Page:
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By NBF News
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Shell Petroleum Development Company said yesterday that it would not be able to meet its contractual agreements for the supply of crude oil from Nigeria for sales in the international market for June and July. The Anglo-Dutch oil company blamed the development on fire outbreak in one of its key infrastructure which had forced the oil firm to shut down operations to fix the fault.

Shell, in a statement yesterday declared a force majeure on the loading of its Bonny Light crude oil for June and July, 2011. The company said the declaration was as a result of crude oil production cutbacks caused by leaks and fires which occurred last week on the Trans Niger Pipeline (TNP).

Daily Sun learnt that the pipeline conveys about 150,000 barrels of crude oil from other Shell and third party facilities within the location of the pipeline. Industry sources, however, allayed fears of any strong consequences the shortfall may have on the Nigerian economy as the figure could easily be made up for by other oil companies. In the last two years, the TNP had been subjected to attacks by pirates and suspected militants, who tried to steal crude from the facility, forcing Shell to shut down the facility for repairs.

The latest attacks Shell said were caused by thieves, who tried to vandalise the pipe to steal crude oil.

'A joint investigation visit comprising government agencies, communities and Shell found that the incidents were caused by hacksaw cuts which indicate third party interference and activities of unknown persons,' the company said in the statement.

The TNP which transports production from SPDC and third parties in its Eastern operations to Bonny Terminal, was affected by leaks and five fire outbreaks on both the 24' and 28' lines in Bodo, Bera, Biera and Mogho all in Ogoni land, on June 9. SPDC immediately shut the lines, mobilized its pipelines response and fire fighting teams and extinguished the fires by June 11. The leaks had been repaired leading to resumption of production on June 12.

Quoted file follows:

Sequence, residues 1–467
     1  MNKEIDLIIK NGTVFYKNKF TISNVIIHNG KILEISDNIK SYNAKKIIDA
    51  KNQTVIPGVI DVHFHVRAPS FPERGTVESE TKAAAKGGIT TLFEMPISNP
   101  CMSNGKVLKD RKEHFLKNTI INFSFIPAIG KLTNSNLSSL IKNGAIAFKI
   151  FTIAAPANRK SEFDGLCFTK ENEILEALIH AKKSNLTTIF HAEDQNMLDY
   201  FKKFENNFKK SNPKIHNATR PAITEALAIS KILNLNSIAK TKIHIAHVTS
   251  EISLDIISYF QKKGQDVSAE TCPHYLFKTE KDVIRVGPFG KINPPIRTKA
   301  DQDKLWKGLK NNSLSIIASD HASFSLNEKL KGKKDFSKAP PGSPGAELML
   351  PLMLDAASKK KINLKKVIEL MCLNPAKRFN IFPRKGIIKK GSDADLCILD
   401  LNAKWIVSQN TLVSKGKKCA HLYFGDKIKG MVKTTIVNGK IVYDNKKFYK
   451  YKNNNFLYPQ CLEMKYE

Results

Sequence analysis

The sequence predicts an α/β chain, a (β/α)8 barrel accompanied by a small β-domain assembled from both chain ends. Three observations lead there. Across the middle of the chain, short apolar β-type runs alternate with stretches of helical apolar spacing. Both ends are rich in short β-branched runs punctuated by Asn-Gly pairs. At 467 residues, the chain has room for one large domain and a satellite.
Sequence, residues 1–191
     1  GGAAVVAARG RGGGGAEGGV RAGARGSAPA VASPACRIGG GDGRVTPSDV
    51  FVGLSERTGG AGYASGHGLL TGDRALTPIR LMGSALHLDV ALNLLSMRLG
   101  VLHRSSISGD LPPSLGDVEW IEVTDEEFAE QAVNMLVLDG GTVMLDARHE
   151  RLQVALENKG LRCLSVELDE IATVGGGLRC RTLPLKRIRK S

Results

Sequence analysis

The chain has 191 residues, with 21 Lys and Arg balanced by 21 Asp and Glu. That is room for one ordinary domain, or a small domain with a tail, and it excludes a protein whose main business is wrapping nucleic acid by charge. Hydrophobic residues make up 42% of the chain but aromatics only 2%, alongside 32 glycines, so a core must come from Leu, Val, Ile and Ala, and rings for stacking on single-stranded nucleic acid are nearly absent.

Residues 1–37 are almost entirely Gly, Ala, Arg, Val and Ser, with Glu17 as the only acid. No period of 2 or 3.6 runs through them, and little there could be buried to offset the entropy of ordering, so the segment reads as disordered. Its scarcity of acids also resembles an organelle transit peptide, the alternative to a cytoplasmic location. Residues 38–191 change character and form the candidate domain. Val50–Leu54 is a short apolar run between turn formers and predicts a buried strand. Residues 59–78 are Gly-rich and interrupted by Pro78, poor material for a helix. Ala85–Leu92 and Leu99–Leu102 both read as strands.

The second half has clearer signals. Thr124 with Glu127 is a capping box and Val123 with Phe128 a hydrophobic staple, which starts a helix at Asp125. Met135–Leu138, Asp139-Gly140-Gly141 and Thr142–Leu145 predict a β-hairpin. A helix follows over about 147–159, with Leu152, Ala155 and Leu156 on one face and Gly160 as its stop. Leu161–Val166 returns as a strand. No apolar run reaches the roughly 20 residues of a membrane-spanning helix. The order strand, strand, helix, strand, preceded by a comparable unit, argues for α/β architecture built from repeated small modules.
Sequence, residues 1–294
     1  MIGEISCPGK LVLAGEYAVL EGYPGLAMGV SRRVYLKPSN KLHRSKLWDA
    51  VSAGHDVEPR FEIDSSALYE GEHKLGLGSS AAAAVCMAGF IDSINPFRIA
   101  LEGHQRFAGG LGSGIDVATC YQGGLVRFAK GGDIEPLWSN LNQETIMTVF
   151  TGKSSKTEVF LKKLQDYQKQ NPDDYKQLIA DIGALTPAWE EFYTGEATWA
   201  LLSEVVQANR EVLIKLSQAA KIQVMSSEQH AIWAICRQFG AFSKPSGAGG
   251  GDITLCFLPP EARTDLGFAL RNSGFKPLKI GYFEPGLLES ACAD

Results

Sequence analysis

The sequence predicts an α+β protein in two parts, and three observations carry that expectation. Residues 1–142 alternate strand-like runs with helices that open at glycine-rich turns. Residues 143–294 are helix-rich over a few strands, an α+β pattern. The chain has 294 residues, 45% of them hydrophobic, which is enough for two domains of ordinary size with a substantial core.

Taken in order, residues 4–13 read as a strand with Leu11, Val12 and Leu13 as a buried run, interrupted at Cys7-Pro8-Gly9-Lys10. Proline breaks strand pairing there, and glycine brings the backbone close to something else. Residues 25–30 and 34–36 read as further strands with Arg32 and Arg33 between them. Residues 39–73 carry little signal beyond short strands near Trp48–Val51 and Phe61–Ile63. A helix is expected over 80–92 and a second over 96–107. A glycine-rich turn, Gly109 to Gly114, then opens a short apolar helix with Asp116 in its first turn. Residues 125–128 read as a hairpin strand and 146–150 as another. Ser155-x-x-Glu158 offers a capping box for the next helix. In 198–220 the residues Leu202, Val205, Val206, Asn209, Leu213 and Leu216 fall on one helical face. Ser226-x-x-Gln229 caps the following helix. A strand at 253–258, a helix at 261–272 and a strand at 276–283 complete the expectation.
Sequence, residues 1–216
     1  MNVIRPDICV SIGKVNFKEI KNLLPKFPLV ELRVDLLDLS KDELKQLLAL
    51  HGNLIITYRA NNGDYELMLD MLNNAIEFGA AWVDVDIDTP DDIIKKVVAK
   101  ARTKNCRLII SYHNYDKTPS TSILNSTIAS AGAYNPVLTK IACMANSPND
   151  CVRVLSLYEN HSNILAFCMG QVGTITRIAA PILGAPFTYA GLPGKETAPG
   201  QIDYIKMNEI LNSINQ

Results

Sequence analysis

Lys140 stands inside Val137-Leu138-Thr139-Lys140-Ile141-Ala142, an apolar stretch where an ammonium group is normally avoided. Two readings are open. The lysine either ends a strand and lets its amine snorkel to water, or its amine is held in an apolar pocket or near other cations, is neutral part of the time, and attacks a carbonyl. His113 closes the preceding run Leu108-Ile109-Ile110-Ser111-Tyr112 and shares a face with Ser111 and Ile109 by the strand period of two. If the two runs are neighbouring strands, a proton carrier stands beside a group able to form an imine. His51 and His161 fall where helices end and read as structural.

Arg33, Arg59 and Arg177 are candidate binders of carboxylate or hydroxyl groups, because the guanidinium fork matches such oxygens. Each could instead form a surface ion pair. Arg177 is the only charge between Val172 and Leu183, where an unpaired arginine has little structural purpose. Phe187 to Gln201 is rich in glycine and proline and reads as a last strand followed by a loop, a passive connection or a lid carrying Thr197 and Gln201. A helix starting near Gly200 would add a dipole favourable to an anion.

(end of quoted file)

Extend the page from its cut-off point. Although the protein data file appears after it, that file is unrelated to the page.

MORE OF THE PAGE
Production deferment over the period had affected the loading programme at Bonny Terminal, and SPDC will now have to advise customers of a revised schedule. The force majeure came into effect at noon yesterday.

Vice President HSE, Infrastructure & Logistics, Shell Sub-Saharan Africa, Babs Omotowa said: 'The leaks and fires show a worrying trend not only on the TNP but also on our facilities elsewhere. Sadly, the trend is continuing unabated. At the of end April, we recorded more than 35 sabotage spills. SPDC is continuing to upgrade facilities, replace pipelines and improve oil spill response systems. But no matter how much we improve our performance, until the activities of oil thieves and illegal refiners are brought to an end, the vast majority of oil spills in the Niger Delta will continue.'